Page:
Gold and Innovation

Gold and technology stocks are simultaneously experiencing a rally in 2020. That is rare. This in turn is good news for investors.

In a turbulent stock market year 2020, two opposing investments have so far yielded very similar returns. The Nasdaq 100 share index, full of companies promising a great future and hopes for spectacular growth, on the one hand, and the gold price, barometer of investors’ fear of economic dislocation, especially inflation, on the other, are both up around 25 percent (for investors from the euro zone).

In the long term, investors are better off with stocks. At Quant IP, we strongly believe in the long-term superiority of equities as an investment. Companies – especially innovative companies – that create value and thus generate returns for shareholders should be the most attractive investment in the long term. An investment in gold is an investment in a precious metal: no value creation, no interest, no dividends. It is therefore not surprising that the Nasdaq has been the much better investment since its inception (9400 percent vs. 500 percent):

But in the tech-crash of 2000 – 2003 gold held up well (+25 percent vs. -77 percent) and saved investors, who held both investments, from major price losses:

The situation was similar during the financial crisis, when on balance the gold price did not suffer any price losses, but the Nasdaq fell by 42 per cent:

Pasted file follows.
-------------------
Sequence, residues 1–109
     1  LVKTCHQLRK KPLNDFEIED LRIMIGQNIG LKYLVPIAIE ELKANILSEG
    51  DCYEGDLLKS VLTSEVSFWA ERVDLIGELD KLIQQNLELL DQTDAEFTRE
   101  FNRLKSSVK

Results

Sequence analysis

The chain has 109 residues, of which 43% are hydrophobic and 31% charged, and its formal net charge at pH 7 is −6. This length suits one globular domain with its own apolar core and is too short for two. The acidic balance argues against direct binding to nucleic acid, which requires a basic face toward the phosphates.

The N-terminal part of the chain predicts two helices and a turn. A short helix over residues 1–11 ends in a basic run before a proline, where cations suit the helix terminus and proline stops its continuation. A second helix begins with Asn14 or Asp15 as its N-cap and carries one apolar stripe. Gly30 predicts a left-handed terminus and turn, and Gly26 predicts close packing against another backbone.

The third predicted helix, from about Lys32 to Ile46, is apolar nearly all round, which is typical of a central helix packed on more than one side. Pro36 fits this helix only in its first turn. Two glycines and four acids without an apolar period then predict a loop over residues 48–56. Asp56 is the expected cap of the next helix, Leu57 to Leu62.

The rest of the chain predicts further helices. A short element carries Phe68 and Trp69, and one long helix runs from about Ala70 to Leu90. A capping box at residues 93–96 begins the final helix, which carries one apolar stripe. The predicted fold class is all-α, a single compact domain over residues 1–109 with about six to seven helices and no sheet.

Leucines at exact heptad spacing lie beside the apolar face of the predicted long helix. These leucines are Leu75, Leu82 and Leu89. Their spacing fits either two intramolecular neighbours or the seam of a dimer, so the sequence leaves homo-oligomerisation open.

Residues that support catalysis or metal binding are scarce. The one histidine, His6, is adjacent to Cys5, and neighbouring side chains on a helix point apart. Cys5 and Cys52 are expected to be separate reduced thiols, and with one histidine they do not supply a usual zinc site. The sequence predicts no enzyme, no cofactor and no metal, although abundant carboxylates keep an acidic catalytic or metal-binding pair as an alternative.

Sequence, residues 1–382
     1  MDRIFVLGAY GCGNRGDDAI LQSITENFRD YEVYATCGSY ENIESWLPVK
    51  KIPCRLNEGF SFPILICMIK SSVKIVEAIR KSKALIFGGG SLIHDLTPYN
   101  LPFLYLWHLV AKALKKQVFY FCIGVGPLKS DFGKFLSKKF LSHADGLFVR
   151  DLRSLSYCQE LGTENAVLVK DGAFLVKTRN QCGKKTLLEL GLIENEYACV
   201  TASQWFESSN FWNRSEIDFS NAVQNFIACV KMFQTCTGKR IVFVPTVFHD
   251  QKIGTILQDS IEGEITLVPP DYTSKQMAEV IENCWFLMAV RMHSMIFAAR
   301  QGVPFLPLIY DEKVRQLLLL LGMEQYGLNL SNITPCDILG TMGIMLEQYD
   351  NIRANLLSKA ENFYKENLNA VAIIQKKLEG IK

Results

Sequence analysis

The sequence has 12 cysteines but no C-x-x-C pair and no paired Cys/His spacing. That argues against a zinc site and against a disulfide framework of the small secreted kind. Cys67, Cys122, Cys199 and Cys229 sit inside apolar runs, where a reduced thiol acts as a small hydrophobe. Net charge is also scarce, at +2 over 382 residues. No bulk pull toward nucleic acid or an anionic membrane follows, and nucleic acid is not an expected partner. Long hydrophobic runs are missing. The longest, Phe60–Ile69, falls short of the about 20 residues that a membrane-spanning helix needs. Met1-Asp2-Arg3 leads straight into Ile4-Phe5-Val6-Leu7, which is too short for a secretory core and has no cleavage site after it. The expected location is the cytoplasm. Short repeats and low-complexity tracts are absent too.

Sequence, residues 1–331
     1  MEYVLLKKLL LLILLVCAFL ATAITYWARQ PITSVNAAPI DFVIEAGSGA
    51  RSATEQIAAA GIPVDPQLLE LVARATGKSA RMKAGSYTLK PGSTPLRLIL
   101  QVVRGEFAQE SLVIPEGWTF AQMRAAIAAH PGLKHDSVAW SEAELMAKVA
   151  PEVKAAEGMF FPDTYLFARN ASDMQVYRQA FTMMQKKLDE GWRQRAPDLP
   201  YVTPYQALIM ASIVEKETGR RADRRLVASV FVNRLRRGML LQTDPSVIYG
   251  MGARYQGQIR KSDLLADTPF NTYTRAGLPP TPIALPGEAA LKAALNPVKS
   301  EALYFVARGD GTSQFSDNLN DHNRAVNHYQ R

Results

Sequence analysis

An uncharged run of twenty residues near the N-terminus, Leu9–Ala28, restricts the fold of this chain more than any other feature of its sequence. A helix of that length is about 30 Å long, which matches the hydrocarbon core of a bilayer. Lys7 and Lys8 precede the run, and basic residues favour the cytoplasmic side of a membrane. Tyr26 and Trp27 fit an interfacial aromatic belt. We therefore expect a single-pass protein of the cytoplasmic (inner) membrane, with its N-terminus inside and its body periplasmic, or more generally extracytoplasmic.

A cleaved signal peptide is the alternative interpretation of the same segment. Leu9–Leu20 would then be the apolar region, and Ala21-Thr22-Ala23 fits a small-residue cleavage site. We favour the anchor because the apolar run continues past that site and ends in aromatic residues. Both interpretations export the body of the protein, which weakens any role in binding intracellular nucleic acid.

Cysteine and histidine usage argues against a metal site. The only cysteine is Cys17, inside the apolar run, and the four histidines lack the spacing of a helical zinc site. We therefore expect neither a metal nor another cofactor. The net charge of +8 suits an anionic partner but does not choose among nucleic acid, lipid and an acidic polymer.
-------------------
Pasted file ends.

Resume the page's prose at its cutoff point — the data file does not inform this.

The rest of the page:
How differently the gold price and the tech index usually develop can also be seen from the very low correlations in the market phases of the past 20 years:

  • 2000 – 2003 (Tech-Crash): 0,05
  • 2003 – 2008 (Tech-Recovery): 0,00
  • 2008 – März 2009 (Financial Crisis): -0,16
  • März 2009 – 2011 (Gold-Rally): 0,14
  • 2011 – 2018: (Gold-Baisse): -0,02
  • 2018 – today: 0,25

A correlation of 1 indicates a perfect sync, a correlation of -1 a completely opposite course. Values between 0.25 and -0.16 like this are so low that one can say that historically gold and the technology stocks on the Nasdaq are investments that move almost independently of each other. What can investors do with this information? Diversify! Anyone who believes in the market economy, the creation of value by companies and stocks as the most profitable investment in the long term has been able to make up for intermediate losses with gold. Gold can perform this function all the better at a time when government bonds (the other major diversifier for shares) are yielding negative returns.

Investors who mix optimism (equities) with pessimism (gold) will probably sleep better in the next crash – and currently enjoy a historically rare high correlation with rising prices on both sides.

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